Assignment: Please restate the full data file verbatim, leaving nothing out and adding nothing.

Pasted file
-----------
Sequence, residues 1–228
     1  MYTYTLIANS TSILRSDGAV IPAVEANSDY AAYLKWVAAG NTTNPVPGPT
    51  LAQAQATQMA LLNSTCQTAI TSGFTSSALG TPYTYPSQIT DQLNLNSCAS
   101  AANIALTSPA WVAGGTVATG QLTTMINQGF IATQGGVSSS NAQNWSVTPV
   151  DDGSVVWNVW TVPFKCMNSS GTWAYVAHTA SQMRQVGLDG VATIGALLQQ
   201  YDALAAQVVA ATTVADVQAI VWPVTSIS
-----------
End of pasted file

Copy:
Sequence, residues 1–228
     1  MYTYTLIANS TSILRSDGAV IPAVEANSDY AAYLKWVAAG NTTNPVPGPT
    51  LAQAQATQMA LLNSTCQTAI TSGFTSSALG TPYTYPSQIT DQLNLNSCAS
   101  AANIALTSPA WVAGGTVATG QLTTMINQGF IATQGGVSSS NAQNWSVTPV
   151  DDGSVVWNVW TVPFKCMNSS GTWAYVAHTA SQMRQVGLDG VATIGALLQQ
   201  YDALAAQVVA ATTVADVQAI VWPVTSIS